On the CFP request for resources, for Copenhagen we didn't have this and I ended up doing lots of googling about submitters. Based on that I suggested asking for resources to offer submitters the chance to show off their best work rather than have us trying to guess what to look at. Why do we need to see this? Trying to establish whether folks are subject matter experts, or prone to vendor pitching, or trying to identify potential exciting keynote speakers... 

As I said, I really do think we should explore the ideas in this thread, especially the two-phase process, but let's not let perfection be the enemy of the good here. In one of the "should we double-blind" discussions one of my predecessors made the point that the outcome is more important than the process; if the end result is an agenda that the community finds engaging and exciting, that represents a diversity of viewpoints, and that drives forward the technology and adoption of cloud native, then we're in a pretty good place. It's my firm belief that the community want to see a mix of tech talks and end-user stories; talks by subject matter experts as well as new voices; diversity in all dimensions including company, but recognising that there are an awful lot of talented, knowledgable people working full-time on cloud native in a small number of companies. I'm sure we made mistakes, but we really did try our best to try to reflect all that in the agenda. 

I'm really happy to see constructive engagement about all this. But time presses and I must, for now, fly! 

Liz



On Thu, Oct 4, 2018 at 12:10 PM alexis richardson <alexis@...> wrote:
Hi

For the record, this list is probably the best meeting place of record for the community to air requests and commentary.  So, yes, lots of people are here and listening to everything that is being said.  We all want kubecon to get better and better so please keep the flow of thoughts coming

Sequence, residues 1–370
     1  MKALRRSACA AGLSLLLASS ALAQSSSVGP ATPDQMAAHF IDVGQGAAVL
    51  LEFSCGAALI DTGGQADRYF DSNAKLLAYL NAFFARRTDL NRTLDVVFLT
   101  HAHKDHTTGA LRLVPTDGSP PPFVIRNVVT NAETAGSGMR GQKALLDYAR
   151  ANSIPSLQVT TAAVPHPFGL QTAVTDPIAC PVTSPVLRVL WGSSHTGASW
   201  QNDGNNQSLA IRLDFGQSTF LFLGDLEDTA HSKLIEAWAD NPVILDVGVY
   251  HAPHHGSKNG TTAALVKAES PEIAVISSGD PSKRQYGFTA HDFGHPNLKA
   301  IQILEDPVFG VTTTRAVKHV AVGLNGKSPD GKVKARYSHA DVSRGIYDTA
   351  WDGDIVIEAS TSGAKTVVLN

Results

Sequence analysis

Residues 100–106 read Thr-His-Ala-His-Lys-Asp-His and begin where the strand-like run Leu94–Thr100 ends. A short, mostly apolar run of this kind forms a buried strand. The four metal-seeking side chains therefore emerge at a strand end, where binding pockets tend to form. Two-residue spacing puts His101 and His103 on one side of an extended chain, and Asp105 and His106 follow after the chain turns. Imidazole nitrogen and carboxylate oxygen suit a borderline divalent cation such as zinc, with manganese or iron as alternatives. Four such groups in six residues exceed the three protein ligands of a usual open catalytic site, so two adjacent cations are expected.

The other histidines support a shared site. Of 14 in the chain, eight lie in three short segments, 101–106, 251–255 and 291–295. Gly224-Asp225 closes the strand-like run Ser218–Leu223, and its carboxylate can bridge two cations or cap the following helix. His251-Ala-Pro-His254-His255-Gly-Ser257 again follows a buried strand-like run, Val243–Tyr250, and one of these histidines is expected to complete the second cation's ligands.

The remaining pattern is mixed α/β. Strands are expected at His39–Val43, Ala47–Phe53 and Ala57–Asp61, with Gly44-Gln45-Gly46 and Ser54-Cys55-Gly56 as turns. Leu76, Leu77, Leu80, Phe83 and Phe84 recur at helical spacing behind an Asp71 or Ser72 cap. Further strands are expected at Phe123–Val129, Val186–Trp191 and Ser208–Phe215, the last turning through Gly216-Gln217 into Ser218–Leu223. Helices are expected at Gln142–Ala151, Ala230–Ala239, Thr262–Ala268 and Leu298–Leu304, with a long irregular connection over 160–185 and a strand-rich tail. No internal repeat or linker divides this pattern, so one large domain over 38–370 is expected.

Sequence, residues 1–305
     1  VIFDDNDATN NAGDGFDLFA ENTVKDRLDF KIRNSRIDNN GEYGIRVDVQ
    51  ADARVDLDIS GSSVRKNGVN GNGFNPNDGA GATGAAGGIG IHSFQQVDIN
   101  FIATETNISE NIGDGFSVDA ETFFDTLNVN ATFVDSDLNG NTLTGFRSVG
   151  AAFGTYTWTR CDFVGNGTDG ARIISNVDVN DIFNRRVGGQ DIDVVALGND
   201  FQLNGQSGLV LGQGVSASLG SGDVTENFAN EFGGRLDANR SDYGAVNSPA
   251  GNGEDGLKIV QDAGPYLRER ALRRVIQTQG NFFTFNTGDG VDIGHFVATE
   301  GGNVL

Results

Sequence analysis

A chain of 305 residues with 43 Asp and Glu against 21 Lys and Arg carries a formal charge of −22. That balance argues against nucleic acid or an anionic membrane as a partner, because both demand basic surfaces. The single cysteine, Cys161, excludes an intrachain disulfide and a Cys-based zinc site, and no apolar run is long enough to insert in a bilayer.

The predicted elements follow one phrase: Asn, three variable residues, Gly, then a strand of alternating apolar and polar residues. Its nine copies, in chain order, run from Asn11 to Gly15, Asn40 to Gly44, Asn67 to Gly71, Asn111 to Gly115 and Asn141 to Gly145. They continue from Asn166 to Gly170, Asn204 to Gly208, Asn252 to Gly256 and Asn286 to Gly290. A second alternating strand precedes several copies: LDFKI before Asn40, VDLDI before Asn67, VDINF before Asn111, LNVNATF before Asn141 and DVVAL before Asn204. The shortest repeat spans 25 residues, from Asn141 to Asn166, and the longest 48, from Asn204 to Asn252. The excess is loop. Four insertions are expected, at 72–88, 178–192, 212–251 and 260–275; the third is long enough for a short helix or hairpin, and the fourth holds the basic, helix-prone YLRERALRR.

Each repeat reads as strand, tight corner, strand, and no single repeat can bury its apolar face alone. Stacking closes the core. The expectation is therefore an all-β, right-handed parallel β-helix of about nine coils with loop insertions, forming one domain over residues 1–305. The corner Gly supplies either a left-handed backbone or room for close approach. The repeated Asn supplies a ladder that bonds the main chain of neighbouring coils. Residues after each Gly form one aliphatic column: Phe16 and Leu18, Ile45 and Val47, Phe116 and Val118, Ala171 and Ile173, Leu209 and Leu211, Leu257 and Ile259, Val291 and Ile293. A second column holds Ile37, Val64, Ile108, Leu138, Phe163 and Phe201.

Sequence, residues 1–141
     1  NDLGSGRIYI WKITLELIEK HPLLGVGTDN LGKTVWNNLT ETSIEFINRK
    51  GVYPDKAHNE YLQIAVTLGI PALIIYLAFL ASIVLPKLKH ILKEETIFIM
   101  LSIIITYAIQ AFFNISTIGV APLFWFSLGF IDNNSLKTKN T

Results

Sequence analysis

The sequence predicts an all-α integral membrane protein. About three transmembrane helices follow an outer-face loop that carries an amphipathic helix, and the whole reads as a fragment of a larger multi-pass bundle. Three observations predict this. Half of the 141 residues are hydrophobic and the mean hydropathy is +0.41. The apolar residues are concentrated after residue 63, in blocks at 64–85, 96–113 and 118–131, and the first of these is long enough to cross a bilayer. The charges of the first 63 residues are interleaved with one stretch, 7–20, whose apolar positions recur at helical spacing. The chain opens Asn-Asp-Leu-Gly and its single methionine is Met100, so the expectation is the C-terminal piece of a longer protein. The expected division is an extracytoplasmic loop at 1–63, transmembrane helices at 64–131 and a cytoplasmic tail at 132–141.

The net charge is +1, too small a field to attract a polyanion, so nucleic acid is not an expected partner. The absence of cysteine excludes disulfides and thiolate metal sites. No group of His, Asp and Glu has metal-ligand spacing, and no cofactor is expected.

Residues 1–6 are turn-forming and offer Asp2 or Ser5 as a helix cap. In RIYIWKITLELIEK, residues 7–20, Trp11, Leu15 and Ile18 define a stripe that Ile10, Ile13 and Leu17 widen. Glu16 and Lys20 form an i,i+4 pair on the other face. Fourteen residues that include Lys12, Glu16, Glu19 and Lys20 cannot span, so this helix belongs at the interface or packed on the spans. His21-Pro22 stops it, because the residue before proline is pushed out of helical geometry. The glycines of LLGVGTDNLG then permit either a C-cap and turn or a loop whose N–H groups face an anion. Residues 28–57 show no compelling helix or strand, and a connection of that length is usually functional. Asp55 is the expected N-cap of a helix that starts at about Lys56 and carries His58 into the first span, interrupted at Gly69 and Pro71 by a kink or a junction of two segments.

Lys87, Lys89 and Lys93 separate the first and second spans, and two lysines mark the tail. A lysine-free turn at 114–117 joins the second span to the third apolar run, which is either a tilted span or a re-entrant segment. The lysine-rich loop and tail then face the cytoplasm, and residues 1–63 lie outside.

It is of course OK to issue rebuttals to Bryan.

A


On Thu, 4 Oct 2018, 16:53 Bryan Cantrill, <bryan@...> wrote:

I think it's disconcerting (if somewhat comical) that the concern that the ideas shared here would get rebuttals -- a concern that I and I think many members of the TOC also likely share -- itself got a rebuttal.  I think the discussion here is terrific, but I am concerned that the tone from the CNCF seems to be more of trying to explain how these concerns either aren't real concerns or are already being addressed.  I hope that staff is hearing that there is broad consensus that change is needed -- and that this should be embraced as a positive and natural consequence of the popularity of both the technologies and the conference rather than something to be resisted or explained away.

In particular: I very much share the concern about the length limit imposed by the CFP.  900 characters is absurdly short (the "3 tweet" characterization is apt); a 900 word limit would be much more reasonable.  I also share the concern about the dividing up of the proposal between "abstract" and "benefit to the community" and so on; a good abstract should contain everything that is needed to evaluate it -- and that evaluation criteria should be clearly spelled out.  By encouraging longer, more comprehensive abstracts, you will be encouraging better written ones -- which will give the PC a better basis for being double-blind in early rounds.  As a concrete step, I might encourage a group to be drawn up that consists of folks that have experience in both KubeCon, in other practitioner conferences, and in academic conferences (a few of whom have already identified themselves on this thread!); I think that their broad perspective is invaluable.

         - Bryan


On Thu, Oct 4, 2018 at 8:22 AM Dan Kohn <dan@...> wrote:
On Thu, Oct 4, 2018 at 11:18 AM Matthew Farina <matt@...> wrote:
Yes, we're putting together a Google Doc with comments and the conference co-chairs will be providing some responses.
 
This sort of feels like the ideas shared here are going to get rebuttals. Can we instead take all of this as ideas to look at how we refine and improve things in the future? Where we can intentionally lead the efforts to continuously improve and adapt as things change.

The conference and the processes associated with it have iterated significantly each time. I assure you we are all reading this feedback carefully and thinking through the implications of adopting it. I think there is less status quo bias than you might suspect. 

--
Liz Rice
@lizrice  | lizrice.com+44 (0) 780 126 1145


Re: Thoughts on KubeCon

alexis richardson
 

Hi

For the record, this list is probably the best meeting place of record for the community to air requests and commentary.  So, yes, lots of people are here and listening to everything that is being said.  We all want kubecon to get better and better so please keep the flow of thoughts coming

It is of course OK to issue rebuttals to Bryan.

A


On Thu, 4 Oct 2018, 16:53 Bryan Cantrill, <bryan@...> wrote: